Counties were Wednesday put on the spotlight over reluctance in the implementation of laws that promote good governance and reinforce national inclusivity.
Speaking on the sidelines of the Second County Peer Review Mechanism (CPRM) workshop in Machakos African Peer Review Mechanism (APRM) Director Peter Kimemia faulted counties for failing to adhere to laid out legislations especially in regard to job creation and gender equality.
The officer is now calling for citizens to take their individual leaders to task to ensure they adhere to the laid out constitutional provisions.
“We need to start addressing the emerging pockets of marginalization. This is problem across the counties. Counties must start complying with section 65 of the County Government Act in regard to employment, recruitment and contracts so that we can have national unity,” stressed the officer.
He nevertheless lauded governors who are working hard to ensure they comply with the provisions of the laws on employment and the two-third gender rule and said the agency will lobby for such counties to be accorded special incentives such as conditional grants beside other rewards.
Kimemia also tasked members of the public and the civil society to pressure governors to comply with all provisions of the law including presenting their grievances to the Senate and other relevant government agencies for redress.
“What we are doing is about improving governance and service delivery within the country. Perceptions of marginalization was supposed to be addressed by citizens having opportunity to decide their development priorities and to govern themselves,” he said citing corruption, youth unemployment and diversity management as some of the issues that cut across the 22 African members states that have so far been reviewed under the African Peer Review Mechanism out of the 38 member states.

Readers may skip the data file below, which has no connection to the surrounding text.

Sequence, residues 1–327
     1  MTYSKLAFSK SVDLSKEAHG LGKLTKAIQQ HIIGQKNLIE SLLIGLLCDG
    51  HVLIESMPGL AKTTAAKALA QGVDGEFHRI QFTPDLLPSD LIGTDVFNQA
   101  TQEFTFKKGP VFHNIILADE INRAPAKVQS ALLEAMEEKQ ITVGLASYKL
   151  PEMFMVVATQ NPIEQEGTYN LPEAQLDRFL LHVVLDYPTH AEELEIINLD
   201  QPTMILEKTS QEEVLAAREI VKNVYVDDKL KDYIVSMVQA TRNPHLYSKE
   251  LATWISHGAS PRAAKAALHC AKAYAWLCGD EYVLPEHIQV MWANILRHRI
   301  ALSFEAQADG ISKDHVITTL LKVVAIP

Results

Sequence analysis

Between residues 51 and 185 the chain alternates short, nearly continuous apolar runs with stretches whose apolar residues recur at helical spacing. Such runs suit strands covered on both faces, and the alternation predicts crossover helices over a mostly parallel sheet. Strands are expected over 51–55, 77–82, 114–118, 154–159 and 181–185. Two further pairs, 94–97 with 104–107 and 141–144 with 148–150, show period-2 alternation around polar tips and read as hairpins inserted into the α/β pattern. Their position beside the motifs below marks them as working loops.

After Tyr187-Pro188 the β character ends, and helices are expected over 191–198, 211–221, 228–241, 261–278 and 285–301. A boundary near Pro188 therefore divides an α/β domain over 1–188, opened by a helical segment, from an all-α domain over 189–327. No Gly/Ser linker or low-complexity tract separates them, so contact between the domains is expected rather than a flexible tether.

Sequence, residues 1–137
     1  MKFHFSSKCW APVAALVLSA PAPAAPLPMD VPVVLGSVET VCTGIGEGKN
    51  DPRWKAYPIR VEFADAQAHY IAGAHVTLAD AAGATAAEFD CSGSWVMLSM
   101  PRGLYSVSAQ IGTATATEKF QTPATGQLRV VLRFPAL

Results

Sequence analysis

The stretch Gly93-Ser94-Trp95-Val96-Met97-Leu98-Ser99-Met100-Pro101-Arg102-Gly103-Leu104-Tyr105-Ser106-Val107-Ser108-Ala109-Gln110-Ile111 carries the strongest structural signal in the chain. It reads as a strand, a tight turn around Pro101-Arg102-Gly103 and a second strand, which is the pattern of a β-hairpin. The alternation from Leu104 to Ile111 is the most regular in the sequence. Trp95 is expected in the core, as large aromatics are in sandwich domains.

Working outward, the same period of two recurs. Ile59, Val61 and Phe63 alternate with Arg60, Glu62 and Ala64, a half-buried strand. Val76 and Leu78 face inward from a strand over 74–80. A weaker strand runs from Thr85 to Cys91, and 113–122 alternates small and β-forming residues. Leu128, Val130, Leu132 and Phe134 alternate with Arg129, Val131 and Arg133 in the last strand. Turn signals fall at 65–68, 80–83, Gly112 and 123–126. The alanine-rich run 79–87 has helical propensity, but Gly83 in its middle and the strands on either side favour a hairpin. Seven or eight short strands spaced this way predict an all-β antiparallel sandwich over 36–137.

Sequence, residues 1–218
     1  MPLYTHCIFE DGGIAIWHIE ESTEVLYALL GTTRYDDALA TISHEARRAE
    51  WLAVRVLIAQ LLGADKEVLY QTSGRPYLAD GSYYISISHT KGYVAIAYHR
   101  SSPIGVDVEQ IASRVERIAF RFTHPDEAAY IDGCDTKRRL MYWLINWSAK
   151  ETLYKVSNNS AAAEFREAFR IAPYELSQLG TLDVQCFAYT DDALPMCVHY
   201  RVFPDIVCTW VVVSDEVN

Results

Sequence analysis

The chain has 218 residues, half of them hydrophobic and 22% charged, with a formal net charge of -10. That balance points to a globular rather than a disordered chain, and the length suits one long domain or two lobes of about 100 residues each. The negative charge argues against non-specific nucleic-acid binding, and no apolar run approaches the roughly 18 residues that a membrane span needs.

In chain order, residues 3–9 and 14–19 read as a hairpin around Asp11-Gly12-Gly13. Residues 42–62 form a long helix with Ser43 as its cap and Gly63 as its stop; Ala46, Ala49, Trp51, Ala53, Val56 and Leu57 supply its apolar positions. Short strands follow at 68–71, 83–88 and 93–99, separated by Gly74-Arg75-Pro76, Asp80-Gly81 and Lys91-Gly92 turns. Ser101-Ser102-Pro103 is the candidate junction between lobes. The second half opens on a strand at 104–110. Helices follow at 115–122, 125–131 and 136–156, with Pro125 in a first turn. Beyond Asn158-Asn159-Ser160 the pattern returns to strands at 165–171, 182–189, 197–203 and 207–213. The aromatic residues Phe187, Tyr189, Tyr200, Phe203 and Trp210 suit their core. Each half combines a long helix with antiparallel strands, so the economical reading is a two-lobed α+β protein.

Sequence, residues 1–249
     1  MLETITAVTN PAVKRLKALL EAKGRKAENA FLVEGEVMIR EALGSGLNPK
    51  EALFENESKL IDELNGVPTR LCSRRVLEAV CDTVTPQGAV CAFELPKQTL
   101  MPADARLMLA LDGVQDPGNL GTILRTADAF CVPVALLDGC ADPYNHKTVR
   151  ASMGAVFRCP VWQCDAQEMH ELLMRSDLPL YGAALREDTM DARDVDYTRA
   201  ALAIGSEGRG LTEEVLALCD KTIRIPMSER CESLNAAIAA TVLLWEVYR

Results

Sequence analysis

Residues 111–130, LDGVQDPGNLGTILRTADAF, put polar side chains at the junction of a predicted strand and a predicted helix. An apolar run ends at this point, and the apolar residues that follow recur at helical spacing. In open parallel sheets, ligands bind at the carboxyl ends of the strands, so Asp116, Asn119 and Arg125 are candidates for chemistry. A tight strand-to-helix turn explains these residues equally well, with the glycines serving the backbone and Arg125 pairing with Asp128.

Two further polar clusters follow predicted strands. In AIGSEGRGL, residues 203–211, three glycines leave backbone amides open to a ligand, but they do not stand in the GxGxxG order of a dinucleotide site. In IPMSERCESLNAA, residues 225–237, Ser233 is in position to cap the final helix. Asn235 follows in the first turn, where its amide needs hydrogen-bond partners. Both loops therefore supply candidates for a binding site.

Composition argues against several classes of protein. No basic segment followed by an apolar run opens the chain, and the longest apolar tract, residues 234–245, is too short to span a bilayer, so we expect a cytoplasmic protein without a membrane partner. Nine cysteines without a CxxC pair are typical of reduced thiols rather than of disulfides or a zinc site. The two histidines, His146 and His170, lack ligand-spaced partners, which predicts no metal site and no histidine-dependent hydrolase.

The one-day workshop will also be used in presenting the findings of the Second Country Peer Review Report to members of the public before cascading the recommendations to all the counties.
The CPRM delegation intends to visit eight out of the 47 counties where residents will be educated on how they can participate in improving governance at the local level.
Governors of various counties will also in future be in a position to peer review each other in a bid to bench mark with each other and enact best practices that will promote social, economic and political growth in the country in line with attainment of SDGs and Vision 2030.
The APRM is voluntary self-assessment criterion for the sole purpose of championing transformative leadership through the sharing of experiences amongst the 39 member states.
It was agreed upon by African member countries in 2003. Kenya ratified the agreement to the APRM Memorandum of Understanding in March 2003.
In 2006 Kenya became the third African country to be peer reviewed at the AU Banjul summit in Gambia.
Besides Kenya, other countries that have undergone through the peer review process include Ghana, Rwanda and Mauritius.
By Samuel Maina